Currently comprised of Kyle Morton (vocals, piano, guitar), Tony Tanabe (bass, vocals), Dave Hall (guitar, vocals), Shannon Steele (violin, vocals), Jef Hufnagel (violin, vocals), Pieter Hilton (drums, vocals), Alex Fitch (drums, vocals), Tyler Ferrin (horns, guitar, piano, vocals), Ryan McAlpin (trumpet, vocals), Eric Stipe (trumpet, vocals) and Devin Gallagher (percussion, ukelele, vocals), the 11 member Portland, OR-based indie act Typhoon has received attention for a sound that meshes elements of indie rock, baroque pop and orchestral pop as their material is rooted around complex arrangements and lush orchestration, as well as a penchant for restless experimentation with various styles including classic sea shanties, Country and Western, Eastern European folk and others. And unsurprisingly, they’ve drawn comparisons to Frightened Rabbit, Bright Eyes, Beirut and Arcade Fire among others. Along with that, they’ve received attention for live sets that routinely feature 12 (or more) musicians performing on stage. However, with the release of Hunger & Thirst and A New Kind of House EP the collective’s material revealed an increasingly consistent sound paired with a greater attention on crafting a thematic through-line — with much of their material based around a preoccupation with mortality, based primarily around (and making references to) Morton’s childhood struggles with Lyme Disease.
Adding to a rapidly growing local and national profile, they’ve had their music appear on SyFy’s Being Human, NBC’s Chuck and the major motion picture Veronica Mars, and they’ve opened for the likes of The Thermals, Quasi, Yann Tiersen, Explosions in the Sky, The Decemberists, Belle and Sebastian and The Shins and have toured with Lady Lamb the Bee Keeper, Portugal, the Man and Grouplove. Thanks in part to the success of album single “The Honest Truth,” which was ranked #3 in Paste Magazine‘s Top 50 Songs of 2011 List, and 2013’s White Lighter, which reached #105 on the Billboard 200, #2 on the Heatseekers and was 37 on Paste’s Best Albums list, the members of the collective played sets at 2014’s Lollapalooza and Outside Lands.
After the release of 2015’s live album, Live at Crystal Ballroom, which features the band playing material from off Hunger & Thirst and White Lighter, Morton released his solo debut What Will Destroy You — and during that time, the members of the collective spent time working on the material, which would comprise their soon-to-be released fourth album Offerings. Thematically, the album is centered on a fictional man, who is losing his memory — and in turn, his sense of self. “I’ve always been preoccupied with memory, losing memory, and trying to recapture memory. I wanted to explore the questions: What does a person become if they don’t know where they came from? What is the essential quality of the person if you strip away all memory?” explains singer/songwriter Kyle Morton in pres note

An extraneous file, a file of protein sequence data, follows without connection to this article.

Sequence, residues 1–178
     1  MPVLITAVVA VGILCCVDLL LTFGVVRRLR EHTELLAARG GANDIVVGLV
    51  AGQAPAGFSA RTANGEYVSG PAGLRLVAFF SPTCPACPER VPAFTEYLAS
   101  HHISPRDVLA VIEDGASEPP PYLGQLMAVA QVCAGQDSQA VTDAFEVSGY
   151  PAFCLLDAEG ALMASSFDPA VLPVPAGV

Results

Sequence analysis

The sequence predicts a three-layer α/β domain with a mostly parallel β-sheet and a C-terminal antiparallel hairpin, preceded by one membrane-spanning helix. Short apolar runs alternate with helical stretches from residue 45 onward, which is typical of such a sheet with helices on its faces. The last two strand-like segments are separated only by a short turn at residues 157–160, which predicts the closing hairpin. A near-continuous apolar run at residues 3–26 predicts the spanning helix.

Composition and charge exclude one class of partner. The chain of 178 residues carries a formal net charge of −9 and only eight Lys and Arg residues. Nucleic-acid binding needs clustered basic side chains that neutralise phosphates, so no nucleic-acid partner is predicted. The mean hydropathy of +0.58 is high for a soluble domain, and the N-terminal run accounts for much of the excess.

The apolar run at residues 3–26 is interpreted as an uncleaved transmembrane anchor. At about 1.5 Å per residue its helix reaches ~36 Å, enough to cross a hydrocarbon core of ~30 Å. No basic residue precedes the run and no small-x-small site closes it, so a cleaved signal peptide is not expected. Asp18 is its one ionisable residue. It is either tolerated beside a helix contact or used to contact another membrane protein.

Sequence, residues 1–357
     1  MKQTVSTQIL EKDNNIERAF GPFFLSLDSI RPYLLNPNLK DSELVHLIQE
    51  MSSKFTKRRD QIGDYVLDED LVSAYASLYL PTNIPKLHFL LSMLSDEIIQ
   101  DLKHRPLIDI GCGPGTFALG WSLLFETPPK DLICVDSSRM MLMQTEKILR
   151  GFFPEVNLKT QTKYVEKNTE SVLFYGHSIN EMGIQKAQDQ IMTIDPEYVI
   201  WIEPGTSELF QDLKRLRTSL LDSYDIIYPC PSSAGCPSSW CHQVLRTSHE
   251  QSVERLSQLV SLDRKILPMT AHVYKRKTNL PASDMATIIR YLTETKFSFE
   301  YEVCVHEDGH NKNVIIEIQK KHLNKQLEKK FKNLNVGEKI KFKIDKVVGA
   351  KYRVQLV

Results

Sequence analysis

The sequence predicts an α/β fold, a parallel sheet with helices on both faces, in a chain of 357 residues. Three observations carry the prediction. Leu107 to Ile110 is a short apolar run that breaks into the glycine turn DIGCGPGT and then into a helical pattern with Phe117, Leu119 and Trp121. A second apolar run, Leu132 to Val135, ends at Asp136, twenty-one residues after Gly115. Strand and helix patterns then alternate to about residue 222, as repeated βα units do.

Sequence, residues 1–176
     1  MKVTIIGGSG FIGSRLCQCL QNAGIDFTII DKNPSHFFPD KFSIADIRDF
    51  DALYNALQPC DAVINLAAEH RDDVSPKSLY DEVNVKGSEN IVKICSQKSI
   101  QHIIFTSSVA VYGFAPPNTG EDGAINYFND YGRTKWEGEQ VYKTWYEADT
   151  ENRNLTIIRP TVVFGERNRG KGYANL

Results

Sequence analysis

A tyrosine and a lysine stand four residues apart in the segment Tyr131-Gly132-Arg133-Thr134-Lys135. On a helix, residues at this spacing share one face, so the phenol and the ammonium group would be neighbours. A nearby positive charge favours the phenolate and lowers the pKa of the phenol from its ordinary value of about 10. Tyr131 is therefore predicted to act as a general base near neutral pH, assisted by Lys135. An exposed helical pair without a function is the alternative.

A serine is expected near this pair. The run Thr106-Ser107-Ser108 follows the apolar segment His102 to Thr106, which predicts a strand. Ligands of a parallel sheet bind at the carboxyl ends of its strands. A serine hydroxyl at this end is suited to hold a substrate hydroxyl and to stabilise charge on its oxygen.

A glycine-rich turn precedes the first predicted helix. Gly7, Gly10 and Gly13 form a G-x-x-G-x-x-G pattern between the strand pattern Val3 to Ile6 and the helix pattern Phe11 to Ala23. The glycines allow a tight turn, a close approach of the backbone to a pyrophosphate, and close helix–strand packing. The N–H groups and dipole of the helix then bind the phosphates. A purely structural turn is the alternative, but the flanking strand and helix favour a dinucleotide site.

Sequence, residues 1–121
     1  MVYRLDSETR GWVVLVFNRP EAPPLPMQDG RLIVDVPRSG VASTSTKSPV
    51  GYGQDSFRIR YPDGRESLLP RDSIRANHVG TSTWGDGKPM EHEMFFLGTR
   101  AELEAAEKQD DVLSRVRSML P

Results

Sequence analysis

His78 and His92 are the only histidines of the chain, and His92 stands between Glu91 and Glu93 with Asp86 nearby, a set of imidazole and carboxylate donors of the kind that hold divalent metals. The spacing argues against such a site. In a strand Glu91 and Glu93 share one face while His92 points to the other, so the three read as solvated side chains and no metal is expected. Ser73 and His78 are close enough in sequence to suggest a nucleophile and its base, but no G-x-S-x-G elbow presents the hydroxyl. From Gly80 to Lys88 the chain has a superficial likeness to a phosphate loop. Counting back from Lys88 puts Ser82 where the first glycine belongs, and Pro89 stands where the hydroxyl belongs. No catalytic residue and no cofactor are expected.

As the story goes, motivated by his own preoccupation with “losing it,” Morton was inspired by the films of David Lynch, Christopher Nolan’s Memento and Fellini’s 8 1/2, as well as several different books on his nightstand, including Samuel Beckett’s famed Three Novels — in particular, Malloy. “It made it a much darker album for sure,” Morton says in press notes. Structurally, the album is divided into four different movements — Floodplains, Flood, Reckoning and Afterparty — meant to represent each of the four mental phases the main character goes through when he first realizes that something is wrong, then struggles through the chaos of his situation, and finally moves into acceptance before succumbing to a terrible and unimaginable fate.
Musically, the band evokes an impending doom and chaos that’s supposed to mirror the main character’s sense of fear and anxiety. And to set the set the tone, Morton and company decided to write the material with much more guitar than horns and string arrangements. “I wanted it to be a darker, more intense rock record, so it’s very guitar-based. It’s going back to my rock roots before Typhoon,” says Morton. But along with that, the material parallels the contemporary world. “I was also reading historian Timothy Snyder and was inspired by his take on how America is at risk of losing their sense of history. If we haven’t learned the lessons of our past, historically, we can’t recognize when elements come back to haunt us, which is what’s happening right now,” Morton adds.
The band will begin 2018 with a lengthy US and European tour, and it includes a January 27, 2018 stop at The Music Hall of Williamsburg. Check out the tour dates below.